From the interview with SMM of Lynnwood, WA conducted by Patience Rogge at the Fort Worden History Center on July 31, 2007. SMM was a resident at the Juvenile Diagnostic and Treatment Center in Cascadia Cottage, Building 201 (now the Coast Artillery Museum), arriving at age 12 and staying two terms. Although he had suppressed many memories of his time here, he did recall some details of life at the facility:
“When you first came in, you were dropped off right here in front. You came in the administration building and you went down to the basement and got clothes. They gave you a couple pairs of pants and shorts and socks and t-shirts and shirts and a jacket. Then off to the cottage you were already preassigned to go to. So, when you got here they already knew where you were going.
I played baseball…(About school) You got the basic math, English Classes. Everything was like it was on the outside, I mean we went to different classes for different reasons. We were allowed to go down to the beach and swim during the summer. In fact, they had a ski boat and we water skied. You could go to the gym in the afternoon and at night. You could also go to the place behind Cascadia and Olympia Cottages where you could attend pottery, sewing, art classes. There was a small wood class where you could make models.
I worked in the house kitchen all the time I was there. There was a main kitchen back here and everything came on carts, and inside the cottages they had kitchens. Everything was prepared, In the morning we made toast, set everything up ‘cause at night the tables were all stripped of everything. We’d put salt and pepper out, just the basic stuff that you’d prepare for every meal.”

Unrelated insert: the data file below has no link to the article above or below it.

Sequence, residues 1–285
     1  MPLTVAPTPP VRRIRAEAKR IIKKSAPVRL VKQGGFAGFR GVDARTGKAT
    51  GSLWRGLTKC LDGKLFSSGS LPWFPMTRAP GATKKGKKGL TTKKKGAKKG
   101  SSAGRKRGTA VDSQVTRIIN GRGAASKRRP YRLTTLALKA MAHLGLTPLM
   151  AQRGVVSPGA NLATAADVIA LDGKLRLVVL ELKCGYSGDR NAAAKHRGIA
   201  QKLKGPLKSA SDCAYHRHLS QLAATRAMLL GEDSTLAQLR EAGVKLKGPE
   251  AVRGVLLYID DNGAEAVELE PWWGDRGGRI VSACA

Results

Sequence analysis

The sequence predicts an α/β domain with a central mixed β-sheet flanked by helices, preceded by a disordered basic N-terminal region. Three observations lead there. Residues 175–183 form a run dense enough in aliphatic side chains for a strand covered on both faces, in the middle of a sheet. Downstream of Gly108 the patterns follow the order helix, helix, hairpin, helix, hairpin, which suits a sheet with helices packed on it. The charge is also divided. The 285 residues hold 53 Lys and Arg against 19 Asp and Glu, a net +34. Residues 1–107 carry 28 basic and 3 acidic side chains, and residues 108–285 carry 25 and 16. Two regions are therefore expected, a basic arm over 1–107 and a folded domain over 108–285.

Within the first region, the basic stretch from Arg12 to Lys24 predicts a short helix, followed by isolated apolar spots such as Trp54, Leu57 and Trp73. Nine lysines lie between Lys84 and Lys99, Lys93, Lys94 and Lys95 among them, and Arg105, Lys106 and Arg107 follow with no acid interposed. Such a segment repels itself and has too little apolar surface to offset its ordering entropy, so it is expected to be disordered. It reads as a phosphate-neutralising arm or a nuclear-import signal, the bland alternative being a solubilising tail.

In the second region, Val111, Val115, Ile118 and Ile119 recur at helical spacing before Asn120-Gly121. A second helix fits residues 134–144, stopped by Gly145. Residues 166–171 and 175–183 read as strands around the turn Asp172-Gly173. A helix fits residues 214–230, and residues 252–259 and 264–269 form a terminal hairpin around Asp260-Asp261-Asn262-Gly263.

When asked about how the residents treated each other:
“There were a lot of fights. There was a lot of abuse. I never participated in any blanket parties,(The punishment inflicted on any resident who informed on his peers. A blanket would be thrown over the informer and the boys would beat him with bars of soap inside socks.) I knew of them, there were a lot of them. The cottage parents never saw it happen. There was one guy on duty at night. He had to go to the bathroom sometime or go eat. That’s when the blanket parties happened….I had the respect of everybody in the cottage. I wasn’t the Duke (the informal boss of the Cottage) I was just another inmate. But, I guess that if you respect everybody around you, they respect you, and I was always upfront with everybody. I never ran with those guys (the Council was the name given to a group of boys who unofficially ran each cottage) but there was never anybody who came against me. It’s like, ‘I’m here doing my time, if you want to play games, go play your own games,okay.’